Social Isolation Even Before the Coronavirus :: One Mom’s Story

As the coronavirus continues its march closer and closer to our front doors, I want to share with you a story that is personal to me. This comes from a fellow mama and a sorority sister of mine (Alpha Delta Pi forever!) who has been on a mission for some time advocating for her immune compromised daughter. 

Social distancing has been part of their lives since the day little Sylvie was born. Please listen to Stephanie’s story — written in her own words. Please heed the CDC’s warnings. Do it for your parents, your grandparents, yourself, and for children like Sylvie. 

Social isolation is Sylvie's reality--long before the coronavirus pandemic.

Sylvie was born via emergency C-section at 31 weeks. Although she had both her kidneys at her 20 week anatomy scan, she was unexpectedly born with only one small and barely functioning kidney.

Diagnosed with renal failure and in need of lifesaving intervention, Sylvie was life-flighted from Pensacola, Florida, to Birmingham’s Children’s of Alabama where she’d undergo multiple surgeries during her 60+ days in the NICU. After months in the NICU and more than a year on dialysis, she received a life-saving kidney transplant from a woman she’d never met named Whitney.

Sylvie turns three soon and is happy, healthy, and as spirited as they come. Her mom would like to keep her that way (although we really could dial down the sass from time to time)! Her name Sylvie means, “In the woods/forest,” and her middle name (Annmarie) means, “God has favored me.” 


Stephanie’s Story

This Week . . . and the Coronavirus

I recently took Sylvie to Children’s of Alabama in Birmingham for her monthly post-kidney transplant check-up.

* we wore masks
* we threw away any toys that hit the floor
* we touched nothing
* we sanitized obsessively
* we brought our own pen from home
* we wiped down the exam room upon entering
* we shook no hands
* we ran out of there like the building was on fire
* we changed clothes in the parking lot before entering our car
* we bagged our shoes in a Target sack as we slipped into our seats
* we sanitized hands again
* we didn’t make any stops for food, coffee, or anything–just one stop for gas
* we wore a glove to pump gas
* we sanitized again
* we got home four hours later and showered immediately
* we laundered our clothes, three days later with sanitizing wash

And you know what was different about this appointment than others before it?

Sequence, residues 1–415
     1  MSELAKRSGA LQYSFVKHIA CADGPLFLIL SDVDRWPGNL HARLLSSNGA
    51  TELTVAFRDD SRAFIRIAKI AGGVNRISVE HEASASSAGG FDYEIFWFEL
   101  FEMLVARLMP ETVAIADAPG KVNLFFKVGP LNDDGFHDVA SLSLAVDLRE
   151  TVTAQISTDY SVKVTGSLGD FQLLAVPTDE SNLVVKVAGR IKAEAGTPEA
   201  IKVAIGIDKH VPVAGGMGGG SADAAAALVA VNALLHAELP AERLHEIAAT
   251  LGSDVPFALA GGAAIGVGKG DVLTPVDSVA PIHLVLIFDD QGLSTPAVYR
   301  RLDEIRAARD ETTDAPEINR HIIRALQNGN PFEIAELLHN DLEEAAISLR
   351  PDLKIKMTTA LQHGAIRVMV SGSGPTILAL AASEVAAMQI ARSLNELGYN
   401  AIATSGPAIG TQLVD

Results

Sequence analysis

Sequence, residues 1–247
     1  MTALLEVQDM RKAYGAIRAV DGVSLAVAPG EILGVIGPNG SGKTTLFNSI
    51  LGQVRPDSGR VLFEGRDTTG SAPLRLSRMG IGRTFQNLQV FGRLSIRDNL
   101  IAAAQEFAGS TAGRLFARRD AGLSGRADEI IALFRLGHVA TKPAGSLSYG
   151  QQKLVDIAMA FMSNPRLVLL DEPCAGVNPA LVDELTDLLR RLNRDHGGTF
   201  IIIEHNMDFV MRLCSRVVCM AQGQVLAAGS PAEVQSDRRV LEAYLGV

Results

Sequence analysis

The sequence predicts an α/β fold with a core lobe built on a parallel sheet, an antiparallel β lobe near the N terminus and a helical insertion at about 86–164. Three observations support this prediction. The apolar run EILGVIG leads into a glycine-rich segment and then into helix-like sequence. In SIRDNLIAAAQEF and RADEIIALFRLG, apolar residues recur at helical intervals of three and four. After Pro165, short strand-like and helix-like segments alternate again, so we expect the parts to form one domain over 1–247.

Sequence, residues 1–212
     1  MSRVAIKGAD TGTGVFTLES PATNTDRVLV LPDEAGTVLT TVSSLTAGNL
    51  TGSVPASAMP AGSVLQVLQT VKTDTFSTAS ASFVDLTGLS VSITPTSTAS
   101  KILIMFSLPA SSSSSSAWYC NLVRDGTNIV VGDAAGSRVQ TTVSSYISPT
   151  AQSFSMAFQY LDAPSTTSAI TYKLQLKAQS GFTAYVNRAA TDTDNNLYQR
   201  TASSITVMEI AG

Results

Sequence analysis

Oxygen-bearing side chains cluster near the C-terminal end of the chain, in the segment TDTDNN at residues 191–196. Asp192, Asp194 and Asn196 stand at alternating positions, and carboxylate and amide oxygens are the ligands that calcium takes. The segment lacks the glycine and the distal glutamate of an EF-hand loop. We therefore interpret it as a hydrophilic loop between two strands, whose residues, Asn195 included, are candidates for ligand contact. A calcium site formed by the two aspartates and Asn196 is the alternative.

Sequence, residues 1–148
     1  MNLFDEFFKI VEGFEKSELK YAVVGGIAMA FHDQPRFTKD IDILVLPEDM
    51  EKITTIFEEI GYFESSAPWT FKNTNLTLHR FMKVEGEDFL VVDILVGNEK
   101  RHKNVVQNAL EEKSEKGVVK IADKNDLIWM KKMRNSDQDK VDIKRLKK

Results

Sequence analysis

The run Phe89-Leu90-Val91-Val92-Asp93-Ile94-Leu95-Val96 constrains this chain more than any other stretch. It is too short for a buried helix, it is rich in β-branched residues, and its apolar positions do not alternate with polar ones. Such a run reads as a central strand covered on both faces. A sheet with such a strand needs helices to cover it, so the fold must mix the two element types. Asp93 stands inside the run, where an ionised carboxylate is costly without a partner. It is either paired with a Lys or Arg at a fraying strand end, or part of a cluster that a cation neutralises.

Absolutely. Nothing.

Please let that sink in.

Our regular life during a regular cold/flu season is the same as a global pandemic.

Wow. That hangs in the air for me, too.

In fact, what I’ve learned through this recent experience is that there’s a name for how we’ve been living for three entire years: Social Isolation. Quarantine, even. (Sheesh!) I’ve also learned that apparently how we live is deeply concerning to other people when they are forced to live it.

Two days in.
Five days in.
Seven days in.

So much complaining about staying home, missing trips, canceling birthday parties, not getting to see grandparents. Wondering what to do with their children when they can’t leave the house. Missing “normal life” for them. Honestly, it’s hard for me to hear. It’s even harder for me to process that this is, in fact, my family’s normal.

Welcome to Our World 

The only word that repeatedly comes to mind is: welcome.

Welcome to the land of stocking hand sanitizer and keeping it in every door of your car. Welcome to looking at the cart handle and shared keypads at checkout like they can kill your family. Welcome to hearing someone cough just down the aisle and feeling that ping of nervousness. Welcome to, God forbid, seeing a fever on a thermometer and fearfully wondering if it’s a “normal cold” or something much, much worse. Welcome to the world that the parents of chronically ill and medically complex children live. Every. Single. Day.

It’s Okay To Mourn

What you’re feeling now is grief, dear friends. And as someone who first joined this club three years ago, I can assure you that the grief is real, and it’s okay to mourn the life you had. It’s perfectly fine to admit how scary–and hard–and limiting–and unfair–and uncertain this all feels. I can also assure you that through this season of suffering, there will be goodness. There will be personal refinement, a return to simplicity, and lots of opportunity for love and compassion.

Remember Those Who Will Stay Here

But, my biggest hope of all?

That when we get to the other side of this–and we will–that you remember those of us who will stay here. Remember those of us who will remain in our “normal” socially isolated lives in protection of our littlest miracles. And in that moment, decide to call in sick to work when you’re symptomatic, keep your kid home from school when he has a runny nose, err on the side of caution when you feel it’s “just allergies,” and certainly not push the three to seven day contagious window on the flu because you were experiencing “cabin fever.”

Because Sylvie’s life depends on your selflessness then, just as it does now.

Our deepest appreciation to you for staying home and staying well. And much love and prayers to us all during this uncertain time.


Thank you, Stephanie, for sharing your story with the moms of Birmingham. May we remember Sylvie and your family as we try to keep our own families safe in this time of pandemic.

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